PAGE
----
Read at www.theguardian.com
Scientists warn that the world is unprepared for the increasing frequency and severity of climate disasters caused by human-driven global heating. This year has a one in three chance of being even hotter than the hottest year in history. The extreme heat is largely attributed to human activity, such as burning fossil fuels and deforestation, along with natural factors like El Nino. The higher the global temperature, the greater the risk of fires and flooding.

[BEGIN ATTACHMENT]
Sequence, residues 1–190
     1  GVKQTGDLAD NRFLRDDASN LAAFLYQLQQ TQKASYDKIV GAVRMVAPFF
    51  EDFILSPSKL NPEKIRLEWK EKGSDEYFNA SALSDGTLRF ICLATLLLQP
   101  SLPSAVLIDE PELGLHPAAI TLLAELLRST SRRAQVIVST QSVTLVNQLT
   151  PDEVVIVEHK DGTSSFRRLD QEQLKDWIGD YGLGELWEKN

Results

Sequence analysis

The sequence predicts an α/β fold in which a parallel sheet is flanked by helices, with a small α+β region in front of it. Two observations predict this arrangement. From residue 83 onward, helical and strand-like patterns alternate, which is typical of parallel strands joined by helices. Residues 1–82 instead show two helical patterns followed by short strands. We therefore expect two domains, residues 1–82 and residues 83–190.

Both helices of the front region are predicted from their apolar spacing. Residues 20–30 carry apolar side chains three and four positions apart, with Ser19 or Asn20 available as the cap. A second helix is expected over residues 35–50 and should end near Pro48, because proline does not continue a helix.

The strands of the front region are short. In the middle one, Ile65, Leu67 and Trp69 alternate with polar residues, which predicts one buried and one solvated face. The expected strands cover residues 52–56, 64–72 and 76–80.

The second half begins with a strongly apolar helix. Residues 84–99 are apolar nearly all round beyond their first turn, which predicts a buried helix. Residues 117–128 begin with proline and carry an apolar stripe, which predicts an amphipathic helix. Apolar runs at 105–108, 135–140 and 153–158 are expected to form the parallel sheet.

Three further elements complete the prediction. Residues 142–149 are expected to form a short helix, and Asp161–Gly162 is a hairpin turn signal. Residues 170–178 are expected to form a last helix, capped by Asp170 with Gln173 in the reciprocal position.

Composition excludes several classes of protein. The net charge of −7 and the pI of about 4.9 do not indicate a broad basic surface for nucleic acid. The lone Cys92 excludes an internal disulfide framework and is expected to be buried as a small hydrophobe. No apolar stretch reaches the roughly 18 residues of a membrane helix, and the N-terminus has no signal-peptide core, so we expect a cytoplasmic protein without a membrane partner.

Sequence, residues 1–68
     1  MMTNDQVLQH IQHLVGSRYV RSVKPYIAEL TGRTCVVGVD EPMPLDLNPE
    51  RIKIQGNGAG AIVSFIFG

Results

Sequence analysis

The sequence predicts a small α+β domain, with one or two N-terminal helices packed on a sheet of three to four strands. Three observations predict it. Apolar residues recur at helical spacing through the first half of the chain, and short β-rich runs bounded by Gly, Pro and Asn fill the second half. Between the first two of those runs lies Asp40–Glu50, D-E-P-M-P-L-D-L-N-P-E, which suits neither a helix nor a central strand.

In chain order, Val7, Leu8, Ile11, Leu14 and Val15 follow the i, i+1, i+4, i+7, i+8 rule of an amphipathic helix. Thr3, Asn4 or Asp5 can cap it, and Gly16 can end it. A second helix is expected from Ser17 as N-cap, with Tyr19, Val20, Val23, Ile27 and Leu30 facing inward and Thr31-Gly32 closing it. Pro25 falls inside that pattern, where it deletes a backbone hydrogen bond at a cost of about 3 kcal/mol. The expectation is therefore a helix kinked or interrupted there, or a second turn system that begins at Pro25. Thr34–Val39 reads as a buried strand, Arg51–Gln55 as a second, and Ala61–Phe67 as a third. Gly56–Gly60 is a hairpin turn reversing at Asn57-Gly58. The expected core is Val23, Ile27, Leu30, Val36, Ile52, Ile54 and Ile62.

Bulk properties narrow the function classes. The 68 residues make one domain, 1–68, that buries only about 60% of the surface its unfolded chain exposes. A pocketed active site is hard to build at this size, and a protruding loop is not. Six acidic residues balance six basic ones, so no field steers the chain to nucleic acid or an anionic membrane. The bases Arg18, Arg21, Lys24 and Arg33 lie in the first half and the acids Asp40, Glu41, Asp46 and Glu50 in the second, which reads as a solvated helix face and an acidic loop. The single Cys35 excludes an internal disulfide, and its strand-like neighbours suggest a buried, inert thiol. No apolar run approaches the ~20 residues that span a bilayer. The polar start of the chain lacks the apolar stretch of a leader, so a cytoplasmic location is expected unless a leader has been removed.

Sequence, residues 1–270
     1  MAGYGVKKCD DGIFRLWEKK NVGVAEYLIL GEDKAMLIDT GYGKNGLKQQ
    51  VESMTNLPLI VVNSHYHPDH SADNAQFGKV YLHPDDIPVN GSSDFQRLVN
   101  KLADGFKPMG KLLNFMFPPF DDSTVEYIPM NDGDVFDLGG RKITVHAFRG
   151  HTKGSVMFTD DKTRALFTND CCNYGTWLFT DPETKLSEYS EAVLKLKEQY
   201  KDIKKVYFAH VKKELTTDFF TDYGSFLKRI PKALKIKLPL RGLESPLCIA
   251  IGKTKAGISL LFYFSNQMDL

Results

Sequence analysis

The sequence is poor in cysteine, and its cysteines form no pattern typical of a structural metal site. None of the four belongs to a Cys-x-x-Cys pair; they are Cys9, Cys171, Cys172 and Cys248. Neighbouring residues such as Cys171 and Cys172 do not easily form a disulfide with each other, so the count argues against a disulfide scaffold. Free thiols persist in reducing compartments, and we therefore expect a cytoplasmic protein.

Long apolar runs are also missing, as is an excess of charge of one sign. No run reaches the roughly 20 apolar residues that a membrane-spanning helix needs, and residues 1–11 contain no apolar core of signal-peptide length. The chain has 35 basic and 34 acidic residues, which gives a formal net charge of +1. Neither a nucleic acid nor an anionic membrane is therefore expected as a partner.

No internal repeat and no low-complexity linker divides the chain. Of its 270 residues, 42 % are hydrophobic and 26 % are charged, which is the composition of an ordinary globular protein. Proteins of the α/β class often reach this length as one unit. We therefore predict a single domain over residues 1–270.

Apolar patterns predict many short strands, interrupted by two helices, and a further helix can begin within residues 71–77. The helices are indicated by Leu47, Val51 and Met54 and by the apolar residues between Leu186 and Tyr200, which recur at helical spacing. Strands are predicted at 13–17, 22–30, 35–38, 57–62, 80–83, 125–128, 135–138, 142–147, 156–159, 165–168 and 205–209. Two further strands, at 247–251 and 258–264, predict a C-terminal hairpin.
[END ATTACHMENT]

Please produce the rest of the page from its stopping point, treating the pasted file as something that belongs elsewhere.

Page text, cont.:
The hottest year in history has been followed by the warmest ever January.
In Chile, forest fires claimed over 120 lives, partly due to a decade-long drought and the shift from diverse natural forests to vulnerable monoculture plantations. In California, an atmospheric river caused unprecedented rainfall, resulting in a state of emergency being declared. While the precise attribution to human-driven climate disruption is still to be determined, these calamities fit into the broader trend of climate-related disasters.
Attribution studies will be needed to ascertain the precise extent to which these particular calamities were driven by human-driven climate disruption.